Evidence accumulated over the past decade provides support for liquid–liquid phase separation (LLPS) as the mechanism underlying the formation of biomolecular condensates, which include not only ‘membraneless’ organelles such as nucleoli and RNA granules, but additional assemblies involved in transcription, translation and signaling. Understanding the molecular mechanisms of (patho)physiological condensate function critically requires knowledge of the dynamics and structures of their constituents. The PhD candidates of the Madl lab study the intricate network and regulation of multiple weak and transient protein-protein interactions within the axis connecting transcription factors and RNA binding proteins. Distortions of these interactions are a hallmark of many human diseases, such as cancers and neurodegeneration. The key interactions are explored through development of peptide-based inhibitors with potential application in therapies targeting age-related diseases.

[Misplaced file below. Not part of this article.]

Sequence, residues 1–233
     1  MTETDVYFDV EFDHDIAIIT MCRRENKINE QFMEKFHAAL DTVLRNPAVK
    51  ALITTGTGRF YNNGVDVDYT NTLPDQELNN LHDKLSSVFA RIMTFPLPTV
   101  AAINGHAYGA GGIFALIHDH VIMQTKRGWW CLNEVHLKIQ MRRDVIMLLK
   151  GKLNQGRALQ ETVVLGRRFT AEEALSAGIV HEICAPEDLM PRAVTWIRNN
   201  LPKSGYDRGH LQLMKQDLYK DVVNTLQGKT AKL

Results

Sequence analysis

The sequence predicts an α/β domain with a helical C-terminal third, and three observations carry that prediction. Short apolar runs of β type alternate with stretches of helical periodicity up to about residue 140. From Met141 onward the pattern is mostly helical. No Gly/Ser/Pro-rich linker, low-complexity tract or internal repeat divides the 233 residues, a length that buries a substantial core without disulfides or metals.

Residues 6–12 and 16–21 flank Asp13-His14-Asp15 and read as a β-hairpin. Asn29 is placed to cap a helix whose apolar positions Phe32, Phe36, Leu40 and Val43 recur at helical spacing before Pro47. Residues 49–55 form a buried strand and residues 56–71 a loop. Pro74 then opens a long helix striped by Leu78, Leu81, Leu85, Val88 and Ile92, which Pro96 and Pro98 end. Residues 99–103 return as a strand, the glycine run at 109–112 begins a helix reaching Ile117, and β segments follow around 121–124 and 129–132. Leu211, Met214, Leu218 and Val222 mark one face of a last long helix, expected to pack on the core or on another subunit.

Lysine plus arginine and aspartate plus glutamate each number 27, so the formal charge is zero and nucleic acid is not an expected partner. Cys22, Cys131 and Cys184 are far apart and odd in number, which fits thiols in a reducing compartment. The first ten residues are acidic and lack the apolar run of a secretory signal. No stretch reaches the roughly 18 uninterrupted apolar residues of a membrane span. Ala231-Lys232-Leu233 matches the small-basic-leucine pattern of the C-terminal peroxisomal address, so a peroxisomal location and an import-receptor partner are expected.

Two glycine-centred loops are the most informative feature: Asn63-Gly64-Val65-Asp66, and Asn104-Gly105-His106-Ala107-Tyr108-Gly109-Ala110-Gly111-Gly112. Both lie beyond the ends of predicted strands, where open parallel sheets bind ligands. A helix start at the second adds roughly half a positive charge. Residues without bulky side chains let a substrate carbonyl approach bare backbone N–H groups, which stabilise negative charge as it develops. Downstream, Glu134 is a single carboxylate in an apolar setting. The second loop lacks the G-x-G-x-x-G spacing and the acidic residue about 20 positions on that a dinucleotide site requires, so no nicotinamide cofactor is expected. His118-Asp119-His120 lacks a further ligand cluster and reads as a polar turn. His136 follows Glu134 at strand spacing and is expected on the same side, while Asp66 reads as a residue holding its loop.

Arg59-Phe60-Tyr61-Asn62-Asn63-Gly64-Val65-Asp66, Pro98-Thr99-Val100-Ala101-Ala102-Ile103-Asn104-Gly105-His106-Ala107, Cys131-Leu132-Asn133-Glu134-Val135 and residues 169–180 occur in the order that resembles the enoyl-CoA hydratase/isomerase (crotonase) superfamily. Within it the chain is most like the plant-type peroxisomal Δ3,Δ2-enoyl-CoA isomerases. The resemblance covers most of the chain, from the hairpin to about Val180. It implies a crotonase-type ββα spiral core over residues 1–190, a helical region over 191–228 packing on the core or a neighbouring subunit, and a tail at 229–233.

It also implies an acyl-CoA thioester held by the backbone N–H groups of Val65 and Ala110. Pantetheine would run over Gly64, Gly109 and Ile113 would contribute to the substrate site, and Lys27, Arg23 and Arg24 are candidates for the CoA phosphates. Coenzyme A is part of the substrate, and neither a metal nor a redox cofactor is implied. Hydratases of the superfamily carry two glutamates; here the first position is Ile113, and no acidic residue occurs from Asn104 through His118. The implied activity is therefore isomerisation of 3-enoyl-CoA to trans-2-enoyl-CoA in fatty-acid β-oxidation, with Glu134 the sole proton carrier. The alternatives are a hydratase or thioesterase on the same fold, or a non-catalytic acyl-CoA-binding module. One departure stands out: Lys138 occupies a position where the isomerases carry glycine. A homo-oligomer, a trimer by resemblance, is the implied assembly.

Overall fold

To this end, the students of the Madl lab use a multi-disciplinary integrative structural biology, biophysical, computational, biochemical, and cell biological approach. Structural biology techniques include, but are not limited to NMR spectroscopy, SAXS, X-ray crystallography, and modeling. NMR spectroscopy is particularly powerful in this regard as it allows investigation of structure and dynamics involving weak and transient interactions.